Weighing Patients – Why is Accuracy Important?
Weighing patients should be done routinely on admission to hospital and regularly thereafter. In the short video below, I explain the reasons why it’s so important to obtain accurate patient weights in critical care, and how this can be achieved.
The article below covers the challenges, reasons and recommendations for weighing patients.
Challenges with Weighing Patients
Weighing patients accurately in critical care is extremely important for both monitoring and treatment. However, this can be challenging for various reasons, including:
- No built-in scale on the hospital bed, so weighing the patient involves moving them to another piece of equipment which has a scale. Ideally, this should be avoided.
- The built-in scale on the bed is a weight indicator only, so isn’t accurate enough.
- Inadequate staff training on correct use of a scale may result in errors being made when recording the patient’s weight. One study found a third of all hospital scales were unreliable and many hospital staff had not been trained appropriately.1
- Nurses understand the importance of weighing patients but often delegate the task and many feel uncomfortable weighing patients without a good reason.1
Why is Obtaining Accurate Patient Weight Important?
- NICE recommends that body weight should be recorded on admission, weekly for inpatients and daily for the critically ill.2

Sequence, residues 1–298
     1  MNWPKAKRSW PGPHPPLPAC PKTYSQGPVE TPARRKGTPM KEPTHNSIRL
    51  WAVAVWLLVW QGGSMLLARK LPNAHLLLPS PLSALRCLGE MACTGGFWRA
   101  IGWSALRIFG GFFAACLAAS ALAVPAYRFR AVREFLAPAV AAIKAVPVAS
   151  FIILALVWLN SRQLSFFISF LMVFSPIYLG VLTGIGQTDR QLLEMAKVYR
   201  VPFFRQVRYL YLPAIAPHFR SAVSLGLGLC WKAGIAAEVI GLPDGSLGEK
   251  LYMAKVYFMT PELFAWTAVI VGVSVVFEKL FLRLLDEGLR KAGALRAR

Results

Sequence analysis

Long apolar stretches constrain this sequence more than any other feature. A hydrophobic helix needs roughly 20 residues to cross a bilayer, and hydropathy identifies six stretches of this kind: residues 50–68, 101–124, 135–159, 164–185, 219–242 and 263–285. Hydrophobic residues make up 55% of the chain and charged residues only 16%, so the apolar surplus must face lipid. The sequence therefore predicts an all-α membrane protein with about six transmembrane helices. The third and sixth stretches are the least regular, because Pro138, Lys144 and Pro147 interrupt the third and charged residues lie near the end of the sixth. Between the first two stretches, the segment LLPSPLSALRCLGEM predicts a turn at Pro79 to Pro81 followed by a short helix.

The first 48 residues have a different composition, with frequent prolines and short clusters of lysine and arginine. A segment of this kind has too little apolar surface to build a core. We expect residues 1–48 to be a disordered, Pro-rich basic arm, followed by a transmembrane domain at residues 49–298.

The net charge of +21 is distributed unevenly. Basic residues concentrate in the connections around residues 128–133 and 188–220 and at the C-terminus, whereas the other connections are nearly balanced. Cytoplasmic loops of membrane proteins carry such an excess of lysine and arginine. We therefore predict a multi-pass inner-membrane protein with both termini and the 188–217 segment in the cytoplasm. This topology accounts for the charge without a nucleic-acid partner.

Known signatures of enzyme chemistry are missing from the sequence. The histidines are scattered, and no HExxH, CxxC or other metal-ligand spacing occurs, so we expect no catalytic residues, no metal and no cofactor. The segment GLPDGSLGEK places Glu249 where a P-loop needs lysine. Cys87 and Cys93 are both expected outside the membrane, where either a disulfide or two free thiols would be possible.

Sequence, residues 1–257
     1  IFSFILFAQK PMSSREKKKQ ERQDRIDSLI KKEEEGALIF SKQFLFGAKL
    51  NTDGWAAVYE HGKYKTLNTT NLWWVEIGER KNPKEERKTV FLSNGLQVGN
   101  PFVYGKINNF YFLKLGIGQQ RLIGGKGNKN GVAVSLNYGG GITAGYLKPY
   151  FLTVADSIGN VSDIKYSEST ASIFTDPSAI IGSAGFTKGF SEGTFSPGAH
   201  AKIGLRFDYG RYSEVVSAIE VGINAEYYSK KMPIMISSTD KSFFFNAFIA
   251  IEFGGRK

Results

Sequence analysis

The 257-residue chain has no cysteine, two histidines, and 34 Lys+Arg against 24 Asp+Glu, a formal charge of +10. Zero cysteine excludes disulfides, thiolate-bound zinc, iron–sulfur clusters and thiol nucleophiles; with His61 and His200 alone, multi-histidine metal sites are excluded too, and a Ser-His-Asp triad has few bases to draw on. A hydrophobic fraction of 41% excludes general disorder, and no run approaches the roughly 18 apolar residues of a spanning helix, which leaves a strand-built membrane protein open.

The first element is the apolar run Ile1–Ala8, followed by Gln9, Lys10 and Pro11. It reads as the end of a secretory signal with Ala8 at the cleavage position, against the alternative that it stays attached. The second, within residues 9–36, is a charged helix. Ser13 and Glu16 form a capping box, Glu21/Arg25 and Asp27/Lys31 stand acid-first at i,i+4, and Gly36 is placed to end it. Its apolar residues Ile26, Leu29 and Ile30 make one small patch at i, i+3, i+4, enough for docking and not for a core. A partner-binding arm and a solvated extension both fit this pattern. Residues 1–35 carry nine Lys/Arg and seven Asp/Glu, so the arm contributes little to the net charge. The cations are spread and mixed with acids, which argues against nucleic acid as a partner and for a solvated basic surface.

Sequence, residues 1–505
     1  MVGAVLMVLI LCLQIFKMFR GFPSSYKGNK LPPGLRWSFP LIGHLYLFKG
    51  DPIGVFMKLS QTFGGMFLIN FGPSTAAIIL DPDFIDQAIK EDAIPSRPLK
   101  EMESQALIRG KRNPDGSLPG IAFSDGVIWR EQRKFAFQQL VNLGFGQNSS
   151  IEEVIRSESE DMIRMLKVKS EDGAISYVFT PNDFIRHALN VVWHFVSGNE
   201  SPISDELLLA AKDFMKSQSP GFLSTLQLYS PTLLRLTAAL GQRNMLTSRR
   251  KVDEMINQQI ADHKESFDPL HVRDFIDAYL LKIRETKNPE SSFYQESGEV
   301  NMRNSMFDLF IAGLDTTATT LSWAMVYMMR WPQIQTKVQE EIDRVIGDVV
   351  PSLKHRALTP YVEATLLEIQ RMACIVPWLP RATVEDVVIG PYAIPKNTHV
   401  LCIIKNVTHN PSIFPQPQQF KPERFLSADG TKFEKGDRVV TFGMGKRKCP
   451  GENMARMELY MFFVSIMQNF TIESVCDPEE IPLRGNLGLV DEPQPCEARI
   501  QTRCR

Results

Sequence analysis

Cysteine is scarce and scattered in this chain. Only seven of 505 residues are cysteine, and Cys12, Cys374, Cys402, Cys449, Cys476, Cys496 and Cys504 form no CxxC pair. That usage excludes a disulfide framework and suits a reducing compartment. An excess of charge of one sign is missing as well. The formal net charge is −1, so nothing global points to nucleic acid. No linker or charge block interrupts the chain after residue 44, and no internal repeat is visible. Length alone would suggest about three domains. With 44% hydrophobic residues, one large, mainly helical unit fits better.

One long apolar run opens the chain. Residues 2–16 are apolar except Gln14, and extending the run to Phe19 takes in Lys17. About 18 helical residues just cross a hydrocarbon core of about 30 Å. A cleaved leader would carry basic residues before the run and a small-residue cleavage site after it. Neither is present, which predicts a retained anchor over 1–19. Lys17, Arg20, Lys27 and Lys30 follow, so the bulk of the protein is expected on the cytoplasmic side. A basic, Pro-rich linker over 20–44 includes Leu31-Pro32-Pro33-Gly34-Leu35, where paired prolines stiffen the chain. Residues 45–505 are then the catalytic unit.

- Obtaining an accurate weight is essential to assess a patient’s nutritional status, monitor fluid balance and ensure accurate drug dosages.1
- Using unreliable equipment can lead to inconsistencies in recording patient weight which may increase the risk of medical errors and have a detrimental effect on patient care.1
What are the Recommendations for Weighing Patients?
- Professionals must be appropriately trained and familiar with the equipment.
- All scales should:
- Have Class III or higher accuracy. This is essential for calculating the correct drug dosage.
- Be zeroed/tared prior to patient placement.
- Display the weight in metric.
- Weight should be obtained:
- At the same time each day.
- With the same clothing and equipment (if applicable).
- With empty drainage bags (for example ostomy, urinary catheter, surgical drains)
- Weight should be recorded in medical records, checked against previous records and abnormal findings reported to the multi-disciplinary team.3
Eleganza 5 and Multicare Critical Care Beds
- Have integrated Class III scales.
- Are user-friendly.
- Display weight in metric to the nearest 0.5 or 0.1 kg (selected by user preference).
- Allow items to be removed or added without changing the patient’s weight.
- Are able to store daily weight history, so trends and changes over time can be easily tracked.
In summary, having access to an accurate weighing scale as soon as it’s needed, together with ensuring that staff are trained and confident in using it, will overcome many of the challenges of weighing patients in critical care.
Best C, Shepherd E (2020). Accurate measurement of weight and height 1: weighing patients. Nursing Times 116: 4, 50-52.
NICE (2006). Nutritional support for adults: oral nutrition support, enteral tube feeding and parenteral nutrition. https://www.nice.org.uk/guidance/cg32/chapter/Recommendations
Evans L, Best C (2014). Accurate assessment of patient weight. Nursing Times 110:12, 12-14.